Thursday, February 10, 2011

Agroforestry: the "Evergreen Revolution"

Dr. Dennis Garrity spoke today at SENR about how agroforestry is transforming entire landscapes in Africa. Dr. Garrity detailed a number of ways farmers are growing more crops by cultivating trees in their field. The details differ, but usually involve a leguminous tree that can provide both fertilizer for the field and fodder for livestock. One such tree, Acacia (Faidherbia), has the amazing added benefit of loosing its leaves during the wet season when farmers grow crops. This is basically the perfect tree, providing timed inputs of fertilizer, light, and forage at just the times the crops, farmer, and livestock need them.

According to Dr. Garrity, Faidherbia does not grow in the wild and is dependent on human cultivation. But until 10 years ago, no one knew how to propagate the tree: farmers tended them when they found them, but attempts to plant seeds or take cuttings had failed. Once researchers from the World Agroforestry Centre developed a cheap and easy way to propagate Faidherbia, its use has been rapidly adopted, especially in the Sahel region of Africa, where millions of hectares have been transformed.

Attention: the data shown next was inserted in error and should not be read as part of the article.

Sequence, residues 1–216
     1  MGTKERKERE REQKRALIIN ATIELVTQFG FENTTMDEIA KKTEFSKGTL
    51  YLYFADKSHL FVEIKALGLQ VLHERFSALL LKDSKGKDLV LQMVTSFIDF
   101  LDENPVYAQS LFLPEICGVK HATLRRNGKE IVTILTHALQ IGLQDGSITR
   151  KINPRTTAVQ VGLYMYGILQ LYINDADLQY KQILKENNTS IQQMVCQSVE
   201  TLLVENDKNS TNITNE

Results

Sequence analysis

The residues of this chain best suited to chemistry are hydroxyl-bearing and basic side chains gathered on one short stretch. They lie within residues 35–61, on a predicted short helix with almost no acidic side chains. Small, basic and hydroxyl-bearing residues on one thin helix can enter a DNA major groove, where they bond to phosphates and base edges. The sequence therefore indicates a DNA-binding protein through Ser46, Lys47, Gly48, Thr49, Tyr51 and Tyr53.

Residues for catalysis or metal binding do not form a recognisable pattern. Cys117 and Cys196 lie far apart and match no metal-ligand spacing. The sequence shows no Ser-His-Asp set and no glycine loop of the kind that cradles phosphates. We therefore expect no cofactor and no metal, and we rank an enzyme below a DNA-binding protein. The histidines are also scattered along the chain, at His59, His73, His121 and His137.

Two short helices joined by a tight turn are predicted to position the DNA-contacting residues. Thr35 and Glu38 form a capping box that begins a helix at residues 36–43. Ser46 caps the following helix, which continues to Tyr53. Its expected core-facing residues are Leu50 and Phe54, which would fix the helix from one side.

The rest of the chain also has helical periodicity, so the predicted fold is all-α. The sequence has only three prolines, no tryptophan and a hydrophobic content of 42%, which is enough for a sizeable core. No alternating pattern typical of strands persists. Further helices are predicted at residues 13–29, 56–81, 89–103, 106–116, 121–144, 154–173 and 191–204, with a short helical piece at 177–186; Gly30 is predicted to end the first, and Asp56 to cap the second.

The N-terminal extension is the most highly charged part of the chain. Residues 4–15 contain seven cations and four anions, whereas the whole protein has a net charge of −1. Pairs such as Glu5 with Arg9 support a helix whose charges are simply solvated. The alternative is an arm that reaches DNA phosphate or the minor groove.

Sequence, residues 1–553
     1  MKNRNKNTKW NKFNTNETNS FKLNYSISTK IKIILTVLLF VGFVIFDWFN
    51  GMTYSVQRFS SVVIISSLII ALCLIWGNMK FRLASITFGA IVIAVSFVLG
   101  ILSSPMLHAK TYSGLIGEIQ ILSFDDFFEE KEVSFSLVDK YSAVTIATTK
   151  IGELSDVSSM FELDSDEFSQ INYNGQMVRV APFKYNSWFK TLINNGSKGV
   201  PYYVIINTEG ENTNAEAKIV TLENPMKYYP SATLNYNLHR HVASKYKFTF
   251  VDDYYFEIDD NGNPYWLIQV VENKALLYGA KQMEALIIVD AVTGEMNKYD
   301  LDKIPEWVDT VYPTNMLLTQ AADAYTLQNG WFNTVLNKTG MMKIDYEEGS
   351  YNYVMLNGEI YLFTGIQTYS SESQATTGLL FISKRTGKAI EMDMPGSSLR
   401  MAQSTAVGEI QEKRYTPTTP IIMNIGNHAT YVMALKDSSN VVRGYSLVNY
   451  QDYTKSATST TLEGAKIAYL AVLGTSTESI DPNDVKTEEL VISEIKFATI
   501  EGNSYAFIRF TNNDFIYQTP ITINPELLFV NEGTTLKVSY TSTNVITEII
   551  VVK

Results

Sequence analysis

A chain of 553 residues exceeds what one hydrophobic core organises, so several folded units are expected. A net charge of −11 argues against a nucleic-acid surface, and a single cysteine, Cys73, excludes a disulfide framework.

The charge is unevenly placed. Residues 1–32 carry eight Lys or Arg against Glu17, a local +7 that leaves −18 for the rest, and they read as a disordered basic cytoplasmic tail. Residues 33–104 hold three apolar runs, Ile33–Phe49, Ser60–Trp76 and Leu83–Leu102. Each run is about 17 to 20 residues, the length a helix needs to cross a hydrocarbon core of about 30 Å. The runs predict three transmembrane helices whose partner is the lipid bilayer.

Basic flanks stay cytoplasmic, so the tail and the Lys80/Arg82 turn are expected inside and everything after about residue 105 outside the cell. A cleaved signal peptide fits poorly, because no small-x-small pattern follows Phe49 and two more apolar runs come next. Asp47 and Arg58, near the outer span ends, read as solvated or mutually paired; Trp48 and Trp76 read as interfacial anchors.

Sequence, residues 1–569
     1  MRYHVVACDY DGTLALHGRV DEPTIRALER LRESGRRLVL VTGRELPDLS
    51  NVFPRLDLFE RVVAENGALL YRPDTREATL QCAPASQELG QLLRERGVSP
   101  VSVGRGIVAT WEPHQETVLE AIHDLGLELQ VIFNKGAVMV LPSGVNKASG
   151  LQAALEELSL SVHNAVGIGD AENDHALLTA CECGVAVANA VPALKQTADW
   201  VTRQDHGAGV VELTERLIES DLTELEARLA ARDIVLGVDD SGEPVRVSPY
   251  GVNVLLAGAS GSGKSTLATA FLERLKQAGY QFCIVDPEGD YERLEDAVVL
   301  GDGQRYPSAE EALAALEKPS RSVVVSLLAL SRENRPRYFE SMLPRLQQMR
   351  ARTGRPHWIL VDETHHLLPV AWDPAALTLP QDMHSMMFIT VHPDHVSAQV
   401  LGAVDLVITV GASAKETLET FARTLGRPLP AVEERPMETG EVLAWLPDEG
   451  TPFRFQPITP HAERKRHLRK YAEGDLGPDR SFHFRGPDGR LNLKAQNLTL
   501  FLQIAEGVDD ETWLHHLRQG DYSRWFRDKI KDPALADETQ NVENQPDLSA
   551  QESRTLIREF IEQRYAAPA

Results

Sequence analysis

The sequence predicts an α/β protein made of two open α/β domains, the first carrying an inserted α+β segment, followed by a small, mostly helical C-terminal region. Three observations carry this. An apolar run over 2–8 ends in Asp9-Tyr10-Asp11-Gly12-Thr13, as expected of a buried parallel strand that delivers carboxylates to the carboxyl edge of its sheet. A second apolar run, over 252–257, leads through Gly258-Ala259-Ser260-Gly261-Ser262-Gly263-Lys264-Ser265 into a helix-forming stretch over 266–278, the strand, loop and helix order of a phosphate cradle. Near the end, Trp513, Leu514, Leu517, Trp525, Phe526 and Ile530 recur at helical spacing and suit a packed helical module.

Many of the questions from the audience focussed on possible problems and objections to this agronomic technique. What if pests wiped out the tree, or used the tree as refuges? If it was so good, why hadn't farmers adopted it before? What would happen when commercial farms replaced small holders? Some of these questions had initially occurred to me as well, but after reflection, the question I was most interested to ask would have focussed on what this example of agroforestry innovation could teach us to look for in the future. How can we learn from this example to look for other species in other parts of the world that might become essential components of new agricultural systems that can increase diversity, resilience, and production for the 21st century?

The real insight of this talk is that productivity is not set in stone: humans can and should manage their environments to improve them over and above what is "natural".

This presentation has in-depth information on the spread of agroforestry in Niger.

This is a great agroforestry organization:

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